Cannabis legalization drives demand for warehousing and retail: study

Demand is increasing more dramatically in states where recreational use is legal

TRD NATIONAL /
Feb.February 16, 2020 09:00 AM
Real estate in states where cannabis use is legal is in high demand compared to states where use is illegal. (Credit: Pixabay)

Real estate in states where cannabis use is legal is in high demand compared to states where use is illegal. (Credit: Pixabay)

Green makes green, apparently.

Investors can’t get enough warehouse, retail, and land in states that have legalized recreational cannabis use, according to a National Association of Realtors study first reported by Yahoo Finance. NAR surveyed 600 commercial brokers across the country last fall for the study.

Generally, the study found that demand was higher for those property types in states that legalized before 2016 than states that legalized after 2016 and demand was higher in both those categories than in states where cannabis use is illegal.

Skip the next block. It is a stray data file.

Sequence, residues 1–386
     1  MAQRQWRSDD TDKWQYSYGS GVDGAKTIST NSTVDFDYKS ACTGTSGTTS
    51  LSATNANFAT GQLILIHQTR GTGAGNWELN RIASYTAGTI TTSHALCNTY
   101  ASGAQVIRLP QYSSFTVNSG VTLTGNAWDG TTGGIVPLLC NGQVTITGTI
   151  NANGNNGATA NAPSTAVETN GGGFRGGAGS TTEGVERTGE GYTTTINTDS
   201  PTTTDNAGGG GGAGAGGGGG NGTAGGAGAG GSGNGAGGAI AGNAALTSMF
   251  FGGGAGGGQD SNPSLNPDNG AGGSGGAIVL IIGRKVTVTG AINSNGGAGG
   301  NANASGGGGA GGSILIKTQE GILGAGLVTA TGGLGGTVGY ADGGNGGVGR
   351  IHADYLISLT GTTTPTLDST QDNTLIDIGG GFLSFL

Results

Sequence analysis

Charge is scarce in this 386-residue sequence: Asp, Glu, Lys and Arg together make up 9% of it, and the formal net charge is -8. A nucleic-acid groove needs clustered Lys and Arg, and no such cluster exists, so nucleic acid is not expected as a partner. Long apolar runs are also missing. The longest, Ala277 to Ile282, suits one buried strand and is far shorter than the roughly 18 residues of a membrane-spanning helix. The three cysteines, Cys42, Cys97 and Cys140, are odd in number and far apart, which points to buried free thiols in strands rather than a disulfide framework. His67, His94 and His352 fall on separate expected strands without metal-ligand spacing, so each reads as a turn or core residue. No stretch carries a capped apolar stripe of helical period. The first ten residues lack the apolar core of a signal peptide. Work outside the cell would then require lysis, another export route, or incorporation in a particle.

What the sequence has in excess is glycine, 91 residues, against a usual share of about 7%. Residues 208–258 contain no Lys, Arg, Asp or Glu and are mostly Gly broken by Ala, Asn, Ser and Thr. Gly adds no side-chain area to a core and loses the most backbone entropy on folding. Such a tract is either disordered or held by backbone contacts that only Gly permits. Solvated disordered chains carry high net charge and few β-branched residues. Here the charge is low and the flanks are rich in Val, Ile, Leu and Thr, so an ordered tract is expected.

Investors have poured money into real estate in states with legal recreational use. Some investment firms are opening offices and making moves in states where legalization seems on the horizon.

Warehousing is especially hot. It’s used both for storage and growing cannabis. Compared to 2017, last year demand increased for warehouse space in 42 percent of markets where recreational cannabis has been legal for more than three years — Colorado, Oregon, Washington, and Alaska.

Demand increased 34 percent in states that legalized cannabis post-2016. Demand in states without recreational legalization increased by 18 percent. Disparities in demand for land and retail storefronts between those states was less dramatic.

Katie Barthmaier, CEO of cannabis-focused real estate investment trust Green Acreage, said that higher values correlate with higher barriers for entry.

“It is very important to understand the supply and demand, and the regulatory dynamic, in each state. Focusing on states with higher barriers to entry makes a license more valuable and makes that real estate more valuable,” she said. [Yahoo Finance] — Dennis Lynch


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